In 2003, while she was about 7 months pregnant, biochemist Melissa Moore fell gravely ill. She had preeclampsia, a dangerous hypertensive condition that affects about 8 percent of pregnant women in the United States. If left untreated, preeclampsia can cause dangerously high blood pressure, seizures, liver and kidney failure, and even death.
The most effective treatment for preeclampsia is giving birth, since most of the time, once a pregnant woman is no longer pregnant, her symptoms start to vanish almost immediately. But that means women and their doctors must walk a terrible tightrope: extending their pregnancies for as long as they can, gambling with their own health in the process, until they have no choice but to have the baby prematurely - often via emergency C-section, which carries its own complications. Then they begin to recover - but sometimes, their babies aren't so lucky.
In the U.S., where many women and babies have access to prenatal care and neonatal intensive care units (NICUs), preeclampsia causes about 100,000 premature births and more than 10,000 infant deaths every year. In the developing world, where pre- and post-natal care is less accessible, preeclampsia kills 500,000 babies (and approximately 75,000 mothers) annually.
Dr. Moore was lucky: she got the care she needed, and she and her daughter both recovered from their harrowing experience. And while she was in the hospital in Boston, she met a young nephrologist studying preeclampsia, Dr. Ananth Karumanchi, who made an unusual request: could he have Dr. Moore's placenta after she gave birth? She said yes, and asked why. He started to give her a simple, patient-friendly explanation - for complicated reasons, the placenta induces preeclampsia - but Dr. Moore explained that she was a scientist herself and pushed him for more detail.
As it turned out, Dr. Karumanchi - a practitioner at Beth Israel Deaconess Medical Center and a professor at Harvard - had just published a seminal paper on preeclampsia, finding that the condition was linked to the overexpression of the protein known as sFLT1 in a pregnant woman's bloodstream. It also turned out that the reason for that overexpression had to do with what Dr. Moore studied in her lab at Brandeis: RNA processing. They were a professional match made in heaven.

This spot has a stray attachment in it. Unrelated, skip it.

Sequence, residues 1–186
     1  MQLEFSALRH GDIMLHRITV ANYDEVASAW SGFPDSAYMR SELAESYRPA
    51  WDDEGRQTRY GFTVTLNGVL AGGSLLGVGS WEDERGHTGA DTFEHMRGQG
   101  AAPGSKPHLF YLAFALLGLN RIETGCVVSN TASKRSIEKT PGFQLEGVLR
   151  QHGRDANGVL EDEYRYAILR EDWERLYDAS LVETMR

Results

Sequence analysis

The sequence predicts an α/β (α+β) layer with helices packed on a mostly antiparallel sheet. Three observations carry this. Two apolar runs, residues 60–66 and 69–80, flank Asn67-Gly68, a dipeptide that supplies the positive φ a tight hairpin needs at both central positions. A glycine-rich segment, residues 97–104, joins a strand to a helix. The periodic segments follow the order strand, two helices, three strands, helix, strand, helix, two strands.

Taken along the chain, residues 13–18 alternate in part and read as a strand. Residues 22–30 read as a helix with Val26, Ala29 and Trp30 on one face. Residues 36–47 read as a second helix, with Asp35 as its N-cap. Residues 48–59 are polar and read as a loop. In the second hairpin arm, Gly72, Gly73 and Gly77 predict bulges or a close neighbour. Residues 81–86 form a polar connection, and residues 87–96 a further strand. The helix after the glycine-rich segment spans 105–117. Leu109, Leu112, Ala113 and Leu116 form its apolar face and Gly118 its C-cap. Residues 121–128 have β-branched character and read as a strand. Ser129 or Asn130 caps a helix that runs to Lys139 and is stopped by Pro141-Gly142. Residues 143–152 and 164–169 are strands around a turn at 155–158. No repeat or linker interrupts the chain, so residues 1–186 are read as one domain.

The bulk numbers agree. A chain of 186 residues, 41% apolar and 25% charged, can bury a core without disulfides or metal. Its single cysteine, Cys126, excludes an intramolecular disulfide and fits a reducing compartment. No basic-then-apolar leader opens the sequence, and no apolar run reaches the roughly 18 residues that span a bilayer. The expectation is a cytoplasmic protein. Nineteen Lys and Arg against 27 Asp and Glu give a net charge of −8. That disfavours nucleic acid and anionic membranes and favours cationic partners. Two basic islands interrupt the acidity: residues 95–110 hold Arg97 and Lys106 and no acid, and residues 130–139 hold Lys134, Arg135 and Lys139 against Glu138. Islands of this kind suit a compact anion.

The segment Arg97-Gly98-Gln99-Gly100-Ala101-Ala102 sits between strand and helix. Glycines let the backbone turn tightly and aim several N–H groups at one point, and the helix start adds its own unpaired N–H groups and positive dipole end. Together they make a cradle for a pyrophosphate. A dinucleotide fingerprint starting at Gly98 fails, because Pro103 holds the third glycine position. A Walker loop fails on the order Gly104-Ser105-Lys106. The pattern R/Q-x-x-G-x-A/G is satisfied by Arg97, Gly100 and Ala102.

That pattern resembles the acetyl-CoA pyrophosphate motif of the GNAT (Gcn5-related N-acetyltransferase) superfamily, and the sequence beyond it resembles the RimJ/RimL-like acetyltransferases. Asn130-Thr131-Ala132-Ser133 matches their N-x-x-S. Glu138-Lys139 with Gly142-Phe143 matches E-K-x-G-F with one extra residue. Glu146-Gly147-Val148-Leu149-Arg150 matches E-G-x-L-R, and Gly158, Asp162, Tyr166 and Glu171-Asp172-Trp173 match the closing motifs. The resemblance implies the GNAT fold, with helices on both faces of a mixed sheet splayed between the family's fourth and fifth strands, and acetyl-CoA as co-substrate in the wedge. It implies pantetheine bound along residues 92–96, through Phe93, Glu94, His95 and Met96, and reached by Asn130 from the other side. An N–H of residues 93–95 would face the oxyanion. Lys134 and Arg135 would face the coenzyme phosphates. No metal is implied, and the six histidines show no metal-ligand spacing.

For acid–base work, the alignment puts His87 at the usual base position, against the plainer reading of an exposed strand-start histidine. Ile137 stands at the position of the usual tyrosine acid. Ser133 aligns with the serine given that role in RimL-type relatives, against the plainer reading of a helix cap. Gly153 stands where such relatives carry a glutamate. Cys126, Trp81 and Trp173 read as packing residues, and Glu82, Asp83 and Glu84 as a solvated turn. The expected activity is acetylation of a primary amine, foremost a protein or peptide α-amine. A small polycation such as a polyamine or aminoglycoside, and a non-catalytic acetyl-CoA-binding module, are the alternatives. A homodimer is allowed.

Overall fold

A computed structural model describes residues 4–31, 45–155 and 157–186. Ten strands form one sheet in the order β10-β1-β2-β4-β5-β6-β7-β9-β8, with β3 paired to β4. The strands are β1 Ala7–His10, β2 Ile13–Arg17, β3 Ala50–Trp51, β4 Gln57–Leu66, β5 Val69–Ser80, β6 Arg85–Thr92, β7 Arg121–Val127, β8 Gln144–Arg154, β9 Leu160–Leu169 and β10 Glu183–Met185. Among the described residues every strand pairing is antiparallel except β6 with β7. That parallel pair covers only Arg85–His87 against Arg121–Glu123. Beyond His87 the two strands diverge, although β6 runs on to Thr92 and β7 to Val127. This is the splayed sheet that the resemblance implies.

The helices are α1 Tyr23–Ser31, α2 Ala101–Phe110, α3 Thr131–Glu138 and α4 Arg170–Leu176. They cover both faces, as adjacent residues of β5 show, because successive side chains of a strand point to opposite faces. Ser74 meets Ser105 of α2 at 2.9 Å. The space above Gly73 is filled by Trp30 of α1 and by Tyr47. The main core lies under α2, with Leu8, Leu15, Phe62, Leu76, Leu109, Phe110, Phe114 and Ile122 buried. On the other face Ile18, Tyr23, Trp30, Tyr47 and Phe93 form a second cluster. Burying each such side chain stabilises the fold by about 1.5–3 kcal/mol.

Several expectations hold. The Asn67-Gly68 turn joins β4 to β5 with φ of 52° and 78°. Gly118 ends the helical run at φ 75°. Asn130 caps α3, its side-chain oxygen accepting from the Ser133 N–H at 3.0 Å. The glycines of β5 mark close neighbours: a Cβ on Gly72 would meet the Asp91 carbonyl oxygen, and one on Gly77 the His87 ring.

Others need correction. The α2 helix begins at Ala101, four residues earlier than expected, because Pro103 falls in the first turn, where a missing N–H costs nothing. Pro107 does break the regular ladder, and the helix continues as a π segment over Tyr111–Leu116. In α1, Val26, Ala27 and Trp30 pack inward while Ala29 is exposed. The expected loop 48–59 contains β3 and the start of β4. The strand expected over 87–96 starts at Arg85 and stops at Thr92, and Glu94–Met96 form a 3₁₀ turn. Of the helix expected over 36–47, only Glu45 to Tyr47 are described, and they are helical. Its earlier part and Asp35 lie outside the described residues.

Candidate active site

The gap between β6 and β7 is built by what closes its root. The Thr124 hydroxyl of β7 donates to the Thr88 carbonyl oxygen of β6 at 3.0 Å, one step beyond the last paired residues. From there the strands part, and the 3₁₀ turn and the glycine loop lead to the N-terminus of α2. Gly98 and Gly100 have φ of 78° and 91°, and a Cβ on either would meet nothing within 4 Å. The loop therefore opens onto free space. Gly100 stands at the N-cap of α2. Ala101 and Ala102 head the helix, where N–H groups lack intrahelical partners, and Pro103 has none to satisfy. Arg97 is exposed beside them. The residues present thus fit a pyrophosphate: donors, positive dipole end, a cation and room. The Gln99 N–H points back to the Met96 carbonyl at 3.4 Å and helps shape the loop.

But life got in the way, and the two scientists lost touch. Fate threw them together again when their daughters attended the same preschool and became close friends, and then again in 2010 - just after the Gates foundation opened a Grand Challenges Explorations (GCE) call for proposals focusing on new technologies to improve the health of mothers and newborns.
For the GCE grant they were awarded, Moore and Karumanchi devised a project that perfectly overlapped their two areas of expertise. If preeclampsia was the result of too much sFLT1 protein in a woman's bloodstream, they surmised, why not go right to the source of the problem and try to turn off the sFLT1 at the tap? To do this, they would use a technique called RNA silencing: deploying molecules known as small interfering RNA (siRNA) that could target and block the messenger RNA (mRNA) molecules in the placenta that produced the sFLT1 protein. If the technique worked, and if the team could produce siRNAs that were stable at room temperature for long periods of time and only needed to be administered once, then the treatment could be deployed all over the world, to women who badly needed it.
At the end of that first grant period, the team had successfully shown that their concept worked - at least in mice. In fact, when Dr. Moore and Dr. Karumanchi gave pregnant mice siRNAs targeting the molecules that produced the sFLT1 protein, they found they were able to reduce the amount of sFLT1 in the mice's blood by as much as 50 percent. Even better: the treatment did not seem to affect the health of the baby mice at all.
In 2013, the team added two new members: Dr. Anastasia Khvorova, an expert on RNA therapeutics at the University of Massachusetts medical school, and Professor Annemarie Hennessey, the dean of the School of Medicine at Western Sydney University, whose baboon model for preeclampsia could help Moore and Karumanchi tell whether their siRNA therapy would work in primates as well as mice. They received a second, larger grant from the foundation along with one from the National Institutes of Health.
The results of this work were published in Nature Biotechnology in December 2018, and they're extremely promising. "In a baboon preeclampsia model," the authors wrote, just "a single dose of siRNAs suppressed sFLT1 overexpression and clinical signs of preeclampsia."
What's next? We're much closer now to a magic bullet - a one-dose therapy that can protect moms and babies against this terrifying illness - but a few major obstacles remain. For understandable reasons, it's hard to persuade pharmaceutical companies to invest in research on pregnant women and their babies - but this reluctance is also the reason why we haven't had any new treatments for preeclampsia for 50 years. For now, Dr. Moore's team is looking for funding to manufacture the lead compound, do toxicity studies on non-human primates, and then, down the road, start a Phase I study on humans.
The long-term goal is to create a low-cost, easy-to-dose therapy (and then, the team hopes, a diagnostic tool to go with it) that can be available to and accessible for every woman around the world. In a recent interview with UMass Med Now, Dr. Moore explained why her team's work matters so urgently. "Getting pregnant," she said, "shouldn't be one of the most dangerous things a woman can do."